beautiuful LIVINg, bountiful FOOD

If you’re like me, you find the scent of fresh lavender intoxicating. In fact, as I sit here and write this, the sweet aroma from the bunch sitting in the kitchen is ever-so-faintly wafting its way here into my office. I love incorporating lavender into everything . . . sachets in my closet, lavender sugar in baked goods, lavender infused ginger preserves, and a little essential oil just about everywhere else. You’ve probably used essential oils (of some variety) for years, but ever stop to consider how it’s made?

I’ve been wanting to visit Indigo Lavender farm for a couple of years. I’ve photographed in other fields, including the Secret Garden at Brys Estate Vineyard and Wine in Traverse City a few years ago, about four hours away. I’ve been looking for a farm close (or closer) by and kept hearing about Indigo.

Last year, the lavender season snuck up and passed me right on by. For whatever reason, it didn’t even occur to me until I saw a friend’s photos from her day here (jealous!). I asked if she would promise to get me there this year. She delivered on her promise and today was our day.

Indigo Lavender Farms is in Imlay City, a sleepy little town in the big knuckle of the Michigan thumb, about an hour and a half’s drive from me. We set off shortly after breakfast together nearby on an incredibly gorgeous summer day.

When you drive up, the first thing you notice is that the farm is completely gated. The only entry point is through the little house converted into a curiosity shop. Smart, considering there’s a fee just to be on the property at all. We arrived and strolled through the shop. Upon entering, you can’t help but notice lavender in its many forms — essential oil, dried and preserved bunches, fresh cut, and food-infused. The store is packed with local charm and lots of “bits” to buy (always the most fun . . . and most dangerous places to shop).

In addition to essential oil, I was on a mission to find culinary lavender and lavender ice cream. Unfortunately, they were out of the culinary lavender but I paid $18 to self-pick a handsome bunch of lavender from the farm. (You can enter the farm and “buzz around” as they say for $7.50; $18 gets you entry plus as much lavender as you can fit in the diameter of a paper wrist band.)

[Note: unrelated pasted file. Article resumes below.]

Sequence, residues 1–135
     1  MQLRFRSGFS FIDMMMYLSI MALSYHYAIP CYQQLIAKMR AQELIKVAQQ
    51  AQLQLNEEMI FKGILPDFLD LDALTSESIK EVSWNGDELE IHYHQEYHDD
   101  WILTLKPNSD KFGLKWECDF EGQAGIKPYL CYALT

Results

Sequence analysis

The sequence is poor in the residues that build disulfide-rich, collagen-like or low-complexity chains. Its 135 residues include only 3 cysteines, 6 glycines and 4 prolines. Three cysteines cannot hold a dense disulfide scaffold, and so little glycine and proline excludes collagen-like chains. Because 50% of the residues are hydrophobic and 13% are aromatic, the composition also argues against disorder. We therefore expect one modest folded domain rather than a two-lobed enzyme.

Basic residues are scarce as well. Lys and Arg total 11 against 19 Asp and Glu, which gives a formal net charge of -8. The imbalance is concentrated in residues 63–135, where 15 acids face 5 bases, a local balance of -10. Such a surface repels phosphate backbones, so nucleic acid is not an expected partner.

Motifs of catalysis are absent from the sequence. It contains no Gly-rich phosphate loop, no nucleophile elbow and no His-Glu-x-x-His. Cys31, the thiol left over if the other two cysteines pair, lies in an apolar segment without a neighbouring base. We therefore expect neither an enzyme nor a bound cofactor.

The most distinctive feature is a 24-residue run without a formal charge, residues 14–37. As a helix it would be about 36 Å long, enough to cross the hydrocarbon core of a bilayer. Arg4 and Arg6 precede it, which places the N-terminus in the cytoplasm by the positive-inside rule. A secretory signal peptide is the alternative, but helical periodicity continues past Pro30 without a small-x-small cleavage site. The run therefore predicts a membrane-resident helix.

The farm is rolling and sprawling and, of course, full of vibrant purple hues every which way you look.

The farm is rolling and sprawling and, of course, full of vibrant purple hues every which way you look. It sits on 50 acres with six separate fields and a small lake at the very back. There are antique bikes and benches and charming Michigan-shaped Adirondak chairs places all about. We made our way from one field to the next, strolling along, photographing, using the provided craft scissors to cut our bunch. Whenever we stopped quiet for a moment, the faint hum of buzzing bees could be heard just over the wind and distant rooster cockle-doodle-doo. I followed a few with my Canon 100mm macro lens and captured a few pollinators busy at work.

After an hour in the 85° sun, we made our way back up to the front. There, we met the owner, Trish, who sat under a canopy with multiple cold drinks, steam distilling the lavender into essential oil. As she explained, the process begins by placing the lavender into the large still, heating up the water to create steam under the plant, allowing the oil vapor to travel up to a condensing tube, where it condenses back down into a cool hydrosol liquid, and drips into the collection flask.

We finished our visit with the best part of all : lavender ice cream under the canopy out back and a little more shopping. Indy, the indoor cat (the note on the door reminds you not to let her out), looked on from her upholstered arm chair as I picked out a four-ounce bottle of raw honey. I tested it as soon as I got home. It’s thick and milky and has a mellow smooth taste, much less pronounced than other varieties I’ve had. I’ll be using some to drizzle over the lavender blueberry pie I plan to make.

Like any good summer outing, I arrived home tired and a little sundrenched and a little sticky and dusty from the day. I’m reminded once again of Michigan’s bounty and diverse agricultural offerings and feel lucky to call this place home.

The season is still in full bloom and I’m offering a couple of lavender farm portrait sessions. VISIT MY PORTRAIT SITE for more details.

Making Lavender Essential Oil

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celebrate the season